Why you need a good pillow?
By Lori Higgins
A good pillow can make so much difference in how you sleep. This article was given to us by www.pacificpillows.com. This company is unusual in that they offer only the finest down pillows, feather beds, and down comforters found worldwide in famous, 5-star hotels including Ritz-Carlton ®, Marriott ®, Hilton ®, DoubleTree ®, and Hyatt ®.
Here's their article:
Yet many Americans put more time and resources into selecting a good-quality mattress than they do into selecting the right pillow to put their head on each night.
"There are few other products that you spend as much time with than the pillow. It's right there on your face, and you spend 8 hours a night on it. It's critical to have the right kind of pillow," said Matt Moses, vice president of marketing for the utility bedding division of Pillowtex, a leading pillow manufacturer.
Whether it's filled with polyester, cotton, feathers, down or buckwheat hulls and whether it costs $5 or $200, the right pillow can help prevent neck pain, upper back pain and headaches.
A good pillow not only makes you more comfortable but also can be essential to long-term health, said Danielle Ebert, director of marketing for Pacific Coast Feather Co., a Seattle-based bedding manufacturer that makes natural-fill pillows.
But finding the right pillow can be an adventure. Natural fill versus synthetic. Firm, soft or medium. Inexpensive versus expensive.
Those are choices pillow buyers face before they set foot in a store or go shopping online.
The selection is endless, whether you shop at a discount store or a high-end bedding shop. But sales for bed pillows are down, according to the Facts: Bedding, an annual survey by the weekly newspaper Home Textiles Today.
Sales in 2000 were $737 million, compared with $840 million in 1999, said Marvin Lazaro, product editor for the newspaper, which tracks the textile industry.
Bed pillows made up 11 percent of total bedding sales, which topped $6.7 billion in 2000.
Sleep patterns Understanding how you sleep is an important first step toward buying the right pillow, said Rick Williams, senior buyer and pillow expert at the Company Store, a La Crosse, Wis., bedding company.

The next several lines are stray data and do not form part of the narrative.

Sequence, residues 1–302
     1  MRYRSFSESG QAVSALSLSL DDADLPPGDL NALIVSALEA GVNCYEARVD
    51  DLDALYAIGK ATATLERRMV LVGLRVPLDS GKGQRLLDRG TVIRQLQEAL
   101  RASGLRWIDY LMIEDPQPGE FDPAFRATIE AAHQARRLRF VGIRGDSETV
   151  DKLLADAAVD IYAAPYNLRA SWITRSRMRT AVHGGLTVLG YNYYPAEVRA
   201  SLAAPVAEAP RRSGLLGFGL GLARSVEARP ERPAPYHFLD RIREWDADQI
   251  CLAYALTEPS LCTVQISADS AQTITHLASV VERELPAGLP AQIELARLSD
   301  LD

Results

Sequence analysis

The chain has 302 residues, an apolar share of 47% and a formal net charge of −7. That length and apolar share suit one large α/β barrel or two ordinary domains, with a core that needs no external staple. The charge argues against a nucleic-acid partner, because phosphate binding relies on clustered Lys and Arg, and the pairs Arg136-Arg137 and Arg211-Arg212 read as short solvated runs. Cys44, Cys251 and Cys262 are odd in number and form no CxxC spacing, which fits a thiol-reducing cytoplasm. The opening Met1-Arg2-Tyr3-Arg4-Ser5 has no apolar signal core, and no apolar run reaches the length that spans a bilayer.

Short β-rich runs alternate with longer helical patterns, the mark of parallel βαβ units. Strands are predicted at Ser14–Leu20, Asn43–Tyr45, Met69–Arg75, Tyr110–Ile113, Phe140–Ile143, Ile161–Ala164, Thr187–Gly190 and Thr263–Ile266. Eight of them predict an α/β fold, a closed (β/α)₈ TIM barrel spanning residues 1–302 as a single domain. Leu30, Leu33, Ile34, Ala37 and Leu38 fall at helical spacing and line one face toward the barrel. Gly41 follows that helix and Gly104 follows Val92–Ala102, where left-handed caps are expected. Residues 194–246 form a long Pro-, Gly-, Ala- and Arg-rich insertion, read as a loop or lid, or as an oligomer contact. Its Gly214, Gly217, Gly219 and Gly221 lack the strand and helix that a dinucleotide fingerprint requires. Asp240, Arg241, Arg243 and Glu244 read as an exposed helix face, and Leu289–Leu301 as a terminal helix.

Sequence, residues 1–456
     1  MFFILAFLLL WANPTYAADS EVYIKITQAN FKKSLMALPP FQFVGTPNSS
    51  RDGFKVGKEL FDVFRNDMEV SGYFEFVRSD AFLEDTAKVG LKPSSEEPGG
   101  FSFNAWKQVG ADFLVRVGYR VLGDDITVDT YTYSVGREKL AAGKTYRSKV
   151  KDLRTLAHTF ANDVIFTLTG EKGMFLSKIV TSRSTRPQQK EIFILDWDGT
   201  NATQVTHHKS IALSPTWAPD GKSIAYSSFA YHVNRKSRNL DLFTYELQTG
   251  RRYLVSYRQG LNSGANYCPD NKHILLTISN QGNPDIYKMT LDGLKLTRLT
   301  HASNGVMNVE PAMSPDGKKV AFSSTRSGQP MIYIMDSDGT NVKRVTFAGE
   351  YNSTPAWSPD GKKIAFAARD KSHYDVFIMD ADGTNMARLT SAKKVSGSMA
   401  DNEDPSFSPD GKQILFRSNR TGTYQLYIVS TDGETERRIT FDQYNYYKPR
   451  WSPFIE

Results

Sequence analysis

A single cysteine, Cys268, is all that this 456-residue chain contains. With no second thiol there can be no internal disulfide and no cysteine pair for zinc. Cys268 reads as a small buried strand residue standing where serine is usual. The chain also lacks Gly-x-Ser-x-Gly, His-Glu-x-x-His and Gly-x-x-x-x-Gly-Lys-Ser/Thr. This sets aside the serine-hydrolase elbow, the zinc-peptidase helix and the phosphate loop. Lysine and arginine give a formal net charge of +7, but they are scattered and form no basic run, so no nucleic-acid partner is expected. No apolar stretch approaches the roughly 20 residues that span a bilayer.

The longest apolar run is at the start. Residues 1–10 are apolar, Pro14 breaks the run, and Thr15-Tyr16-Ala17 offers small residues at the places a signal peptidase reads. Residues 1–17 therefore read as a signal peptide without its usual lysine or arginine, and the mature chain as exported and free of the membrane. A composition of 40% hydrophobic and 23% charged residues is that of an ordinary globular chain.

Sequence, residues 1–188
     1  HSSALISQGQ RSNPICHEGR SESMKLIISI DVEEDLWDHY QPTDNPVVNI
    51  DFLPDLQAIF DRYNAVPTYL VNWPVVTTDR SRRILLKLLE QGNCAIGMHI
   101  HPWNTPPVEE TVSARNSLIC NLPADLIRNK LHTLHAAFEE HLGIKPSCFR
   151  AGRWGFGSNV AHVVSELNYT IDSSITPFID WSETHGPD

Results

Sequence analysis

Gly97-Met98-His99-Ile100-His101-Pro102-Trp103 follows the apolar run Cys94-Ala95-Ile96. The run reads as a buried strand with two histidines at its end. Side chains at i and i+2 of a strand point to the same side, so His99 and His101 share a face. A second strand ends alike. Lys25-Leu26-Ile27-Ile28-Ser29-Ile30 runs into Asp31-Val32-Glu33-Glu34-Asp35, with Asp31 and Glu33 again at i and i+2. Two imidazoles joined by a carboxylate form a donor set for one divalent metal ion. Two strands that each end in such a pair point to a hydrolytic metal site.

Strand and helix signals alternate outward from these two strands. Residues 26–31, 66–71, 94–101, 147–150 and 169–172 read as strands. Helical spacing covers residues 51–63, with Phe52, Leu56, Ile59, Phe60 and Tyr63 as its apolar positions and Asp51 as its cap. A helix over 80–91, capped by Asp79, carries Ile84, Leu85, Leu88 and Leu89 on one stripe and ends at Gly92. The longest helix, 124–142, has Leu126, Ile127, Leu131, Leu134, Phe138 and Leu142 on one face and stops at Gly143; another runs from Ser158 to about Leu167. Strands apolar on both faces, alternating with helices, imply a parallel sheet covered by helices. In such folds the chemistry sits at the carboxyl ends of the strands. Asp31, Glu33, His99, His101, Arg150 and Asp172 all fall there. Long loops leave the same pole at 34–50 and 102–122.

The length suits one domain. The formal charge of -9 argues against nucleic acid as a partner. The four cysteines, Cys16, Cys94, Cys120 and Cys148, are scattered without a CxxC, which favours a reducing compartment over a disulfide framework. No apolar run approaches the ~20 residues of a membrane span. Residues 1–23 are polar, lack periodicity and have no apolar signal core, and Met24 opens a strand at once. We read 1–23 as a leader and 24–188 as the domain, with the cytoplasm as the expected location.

"You're going to need different kinds of pillows to protect your neck properly," Williams said.
Pillows are typically marked to indicate whether they are for side, back or stomach sleepers.
If there's no marking, which is what we found with some pillows in area stores, try this: Place the pillow flat and punch it in the middle. The quicker the pillow regains its shape, the firmer it is. If it hardly moves at all, it's a soft pillow.
Most people -- nearly 60 percent -- sleep on their sides, according to a 1999 survey of 1,000 adults conducted by the Company Store, a bedding retailer.
Firm pillows are best for side sleepers because they fill in the distance created between the surface of your bed and your shoulders. The pillow, in essence, keeps your neck and spine aligned.
A medium-density pillow is best for back sleepers because it cradles the head and provides the right amount of neck support.
Doctors generally recommend against stomach sleeping, but 11 percent of the people in the 1999 survey indicated that's how they sleep. For those people, a soft pillow is best.
A softer pillow means your head won't be as tilted upward and won't create as much stress on the neck and spine, said Dr. Jerome McAndrews, spokesman for the American Chiropractic Association in Arlington, Va. Sleeping without a pillow may also work for stomach sleepers, McAndrews said.